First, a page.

International Symposium on
Drylands Ecology and Human Security
Using Marginal-quality Water Resources
International Center for Agricultural Research in the Dry Areas (ICARDA), Aleppo, Syria; and International Water Management Institute (IWMI), Colombo, Sri Lanka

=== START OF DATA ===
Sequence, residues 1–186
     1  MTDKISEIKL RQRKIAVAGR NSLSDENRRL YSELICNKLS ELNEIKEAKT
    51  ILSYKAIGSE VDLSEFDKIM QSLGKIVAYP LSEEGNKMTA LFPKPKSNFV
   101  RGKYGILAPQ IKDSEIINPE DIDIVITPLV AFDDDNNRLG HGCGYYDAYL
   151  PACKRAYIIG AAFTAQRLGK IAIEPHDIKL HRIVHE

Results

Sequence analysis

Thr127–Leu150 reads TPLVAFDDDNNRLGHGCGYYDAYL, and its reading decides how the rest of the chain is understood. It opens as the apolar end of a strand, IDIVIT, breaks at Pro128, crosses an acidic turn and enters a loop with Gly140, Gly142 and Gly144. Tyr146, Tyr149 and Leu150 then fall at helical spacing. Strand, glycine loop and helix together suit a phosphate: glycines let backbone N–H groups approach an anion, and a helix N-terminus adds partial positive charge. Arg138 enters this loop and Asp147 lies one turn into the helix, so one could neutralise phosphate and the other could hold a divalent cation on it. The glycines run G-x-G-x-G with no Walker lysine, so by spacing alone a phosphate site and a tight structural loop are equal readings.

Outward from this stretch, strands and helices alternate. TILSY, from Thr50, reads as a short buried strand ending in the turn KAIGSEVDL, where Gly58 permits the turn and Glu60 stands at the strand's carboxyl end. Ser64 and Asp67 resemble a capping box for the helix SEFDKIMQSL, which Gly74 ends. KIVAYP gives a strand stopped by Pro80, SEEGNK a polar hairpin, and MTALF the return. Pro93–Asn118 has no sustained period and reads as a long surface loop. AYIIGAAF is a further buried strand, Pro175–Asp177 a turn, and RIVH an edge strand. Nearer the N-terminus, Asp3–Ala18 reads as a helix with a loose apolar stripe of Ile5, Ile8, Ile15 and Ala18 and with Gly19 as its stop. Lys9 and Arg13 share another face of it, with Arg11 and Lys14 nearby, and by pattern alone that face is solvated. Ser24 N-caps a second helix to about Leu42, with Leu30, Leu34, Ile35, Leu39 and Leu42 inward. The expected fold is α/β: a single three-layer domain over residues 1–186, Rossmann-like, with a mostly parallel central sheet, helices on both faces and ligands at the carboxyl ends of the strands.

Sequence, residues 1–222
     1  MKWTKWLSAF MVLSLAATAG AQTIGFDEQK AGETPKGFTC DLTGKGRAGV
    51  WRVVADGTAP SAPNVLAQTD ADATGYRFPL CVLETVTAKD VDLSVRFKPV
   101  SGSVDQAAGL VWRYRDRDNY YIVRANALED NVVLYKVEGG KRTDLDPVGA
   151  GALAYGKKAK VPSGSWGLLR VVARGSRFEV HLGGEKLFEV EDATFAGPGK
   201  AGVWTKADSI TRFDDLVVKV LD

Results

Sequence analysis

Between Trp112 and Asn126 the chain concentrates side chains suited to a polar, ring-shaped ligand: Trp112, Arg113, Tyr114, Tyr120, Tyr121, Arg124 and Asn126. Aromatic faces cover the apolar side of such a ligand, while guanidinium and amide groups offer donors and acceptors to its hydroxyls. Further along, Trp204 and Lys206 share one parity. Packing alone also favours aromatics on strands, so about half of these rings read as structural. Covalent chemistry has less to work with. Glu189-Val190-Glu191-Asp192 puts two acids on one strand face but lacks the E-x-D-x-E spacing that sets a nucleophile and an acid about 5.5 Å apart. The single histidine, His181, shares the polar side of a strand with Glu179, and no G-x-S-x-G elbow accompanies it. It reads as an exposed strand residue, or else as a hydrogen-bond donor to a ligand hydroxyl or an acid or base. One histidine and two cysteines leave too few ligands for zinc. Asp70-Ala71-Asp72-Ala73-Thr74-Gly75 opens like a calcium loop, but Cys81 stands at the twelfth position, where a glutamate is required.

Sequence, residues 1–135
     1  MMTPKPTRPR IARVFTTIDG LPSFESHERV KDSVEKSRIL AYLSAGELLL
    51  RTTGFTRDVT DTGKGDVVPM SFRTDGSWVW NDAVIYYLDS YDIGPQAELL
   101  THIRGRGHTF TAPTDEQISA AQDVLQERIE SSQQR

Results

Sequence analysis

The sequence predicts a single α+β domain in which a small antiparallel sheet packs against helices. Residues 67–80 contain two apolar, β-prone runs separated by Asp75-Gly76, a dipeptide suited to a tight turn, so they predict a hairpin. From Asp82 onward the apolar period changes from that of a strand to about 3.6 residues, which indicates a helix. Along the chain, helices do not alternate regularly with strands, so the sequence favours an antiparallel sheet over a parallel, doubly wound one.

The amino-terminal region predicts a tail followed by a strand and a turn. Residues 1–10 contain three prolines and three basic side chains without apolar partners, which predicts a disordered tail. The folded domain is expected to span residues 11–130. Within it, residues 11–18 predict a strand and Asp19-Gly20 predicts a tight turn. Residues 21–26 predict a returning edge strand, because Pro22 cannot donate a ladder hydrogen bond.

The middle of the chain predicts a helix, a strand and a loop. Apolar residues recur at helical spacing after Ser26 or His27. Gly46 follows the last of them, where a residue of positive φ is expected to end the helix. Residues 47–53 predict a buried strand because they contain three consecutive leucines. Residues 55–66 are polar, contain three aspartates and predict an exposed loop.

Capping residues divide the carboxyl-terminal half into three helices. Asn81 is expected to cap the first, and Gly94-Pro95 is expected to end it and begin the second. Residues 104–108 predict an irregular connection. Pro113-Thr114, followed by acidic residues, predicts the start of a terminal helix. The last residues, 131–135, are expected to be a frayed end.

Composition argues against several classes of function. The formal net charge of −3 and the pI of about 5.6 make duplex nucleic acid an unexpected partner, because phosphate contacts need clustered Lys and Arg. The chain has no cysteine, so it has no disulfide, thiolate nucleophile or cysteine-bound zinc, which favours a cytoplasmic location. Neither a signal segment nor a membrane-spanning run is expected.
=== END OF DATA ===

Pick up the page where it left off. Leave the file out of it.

Anthropogenic activities and extreme events of climate change are the driving forces for water quality deterioration, which increases the generation of marginal-quality waters that have already been put to multidimensional uses such as crop production, agroforestry, and aquaculture. Broad categories of marginal-quality waters are: (1) wastewater generated from household, municipal, and industrial activities, and (2) salt-prone water from agricultural drainage systems, surface runoff, and exploited from aquifers. Irrigation with marginal-quality waters is an age-old practice, but it has gained importance in recent years, particularly in countries with limited availability of freshwater. The major challenge of using marginal-quality waters is to maximize the benefits for the farmers and society with minimal and manageable environmental and health impacts. This paper addresses the characterization and implications of different types of marginal-quality waters as well as response options aiming at their economical and environmentally sustainable management.